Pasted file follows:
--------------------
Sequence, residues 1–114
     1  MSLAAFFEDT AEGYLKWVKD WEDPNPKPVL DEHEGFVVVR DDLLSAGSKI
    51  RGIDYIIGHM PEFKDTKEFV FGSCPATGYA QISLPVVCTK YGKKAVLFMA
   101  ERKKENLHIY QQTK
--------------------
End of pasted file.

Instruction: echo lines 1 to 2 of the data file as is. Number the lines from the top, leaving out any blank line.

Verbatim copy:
Sequence, residues 1–114
     1  MSLAAFFEDT AEGYLKWVKD WEDPNPKPVL DEHEGFVVVR DDLLSAGSKI